Capstead Mortgage Corporation (CMO) is one of the oldest publicly traded mortgage REITs dating back to 1985. Capstead has a fairly simple business model, they own adjustable rate residential mortgage securities issued by a government sponsored entity like Fannie or Freddie, then lever it up 7-8x and pay out substantially all the resulting net interest spread in the form of a dividend. Capstead is historically well managed, they were one of the few mortgage REITs to maintain their dividend throughout the pandemic and didn't get portions of their portfolio liquidated due to margin calls like so many others.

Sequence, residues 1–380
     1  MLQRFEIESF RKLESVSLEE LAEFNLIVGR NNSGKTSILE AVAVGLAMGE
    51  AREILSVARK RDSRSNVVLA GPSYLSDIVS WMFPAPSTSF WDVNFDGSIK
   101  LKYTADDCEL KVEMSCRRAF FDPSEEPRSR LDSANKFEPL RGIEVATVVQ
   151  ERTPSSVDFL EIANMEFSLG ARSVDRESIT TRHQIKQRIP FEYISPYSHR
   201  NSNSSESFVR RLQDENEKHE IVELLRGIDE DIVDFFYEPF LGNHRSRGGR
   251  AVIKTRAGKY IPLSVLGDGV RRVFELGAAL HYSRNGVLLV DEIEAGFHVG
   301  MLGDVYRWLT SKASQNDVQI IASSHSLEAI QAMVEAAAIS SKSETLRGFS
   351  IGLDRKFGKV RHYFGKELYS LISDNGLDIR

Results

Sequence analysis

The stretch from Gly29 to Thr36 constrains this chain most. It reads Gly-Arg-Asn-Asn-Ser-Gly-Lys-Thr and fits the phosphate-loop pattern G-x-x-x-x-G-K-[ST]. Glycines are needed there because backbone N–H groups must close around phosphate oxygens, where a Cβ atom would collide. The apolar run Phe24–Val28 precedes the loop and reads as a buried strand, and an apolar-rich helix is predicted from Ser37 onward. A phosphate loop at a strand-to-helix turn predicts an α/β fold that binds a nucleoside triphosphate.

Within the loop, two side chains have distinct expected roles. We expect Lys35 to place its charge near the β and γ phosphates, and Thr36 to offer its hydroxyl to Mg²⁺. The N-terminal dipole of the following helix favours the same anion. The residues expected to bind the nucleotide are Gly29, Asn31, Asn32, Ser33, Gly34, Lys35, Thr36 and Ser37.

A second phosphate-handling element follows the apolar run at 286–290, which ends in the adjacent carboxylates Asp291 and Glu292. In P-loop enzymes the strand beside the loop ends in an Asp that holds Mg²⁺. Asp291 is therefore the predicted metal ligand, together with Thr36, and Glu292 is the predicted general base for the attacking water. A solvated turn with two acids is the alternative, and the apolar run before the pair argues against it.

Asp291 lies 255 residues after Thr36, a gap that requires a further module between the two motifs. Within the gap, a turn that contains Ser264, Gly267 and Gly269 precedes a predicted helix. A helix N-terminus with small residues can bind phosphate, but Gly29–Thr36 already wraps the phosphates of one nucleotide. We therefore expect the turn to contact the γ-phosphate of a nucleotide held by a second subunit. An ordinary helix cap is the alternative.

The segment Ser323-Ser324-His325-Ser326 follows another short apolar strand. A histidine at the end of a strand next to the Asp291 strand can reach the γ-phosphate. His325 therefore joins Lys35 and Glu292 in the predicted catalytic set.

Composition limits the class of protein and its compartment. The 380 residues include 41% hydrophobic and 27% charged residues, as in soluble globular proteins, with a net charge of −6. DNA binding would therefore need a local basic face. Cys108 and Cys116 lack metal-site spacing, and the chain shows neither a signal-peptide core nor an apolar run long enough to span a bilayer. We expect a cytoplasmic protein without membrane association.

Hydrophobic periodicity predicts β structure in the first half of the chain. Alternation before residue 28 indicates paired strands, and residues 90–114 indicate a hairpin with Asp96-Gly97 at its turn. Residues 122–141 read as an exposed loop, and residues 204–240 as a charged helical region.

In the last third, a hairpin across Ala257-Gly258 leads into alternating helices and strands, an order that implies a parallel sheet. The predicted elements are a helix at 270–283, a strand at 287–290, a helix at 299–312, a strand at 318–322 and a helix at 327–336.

But times change, the returns available doing this "arbitrage" aren't what they used to be, forcing higher and higher leverage to the point where it doesn't make a lot of sense. In July, Capstead agreed to a reverse merger transaction with a public but non-traded traded REIT, Benefit Street Partners Realty Trust ("BSPRT"), with the proforma entity moving forward with BSPRT's management team and current middle market CRE loan strategy. Capstead is currently an internally managed REIT, the market likes those better as the incentives are more directly aligned, but as part of this reverse merger, the new combined entity will switch to an externally managed structure. To compensate Capstead shareholders and entice them to vote for the transaction, BSPRT and their management entity are paying a 15.75% premium over Capstead's book value in cash plus CMO shareholders will receive shares in the new entity on a book-for-book basis. The new entity will be called "Franklin BSP Realty Trust" and trade under the ticker FBRT, the external manager Benefit Street Partners is a subsidiary of Franklin Resources (BEN).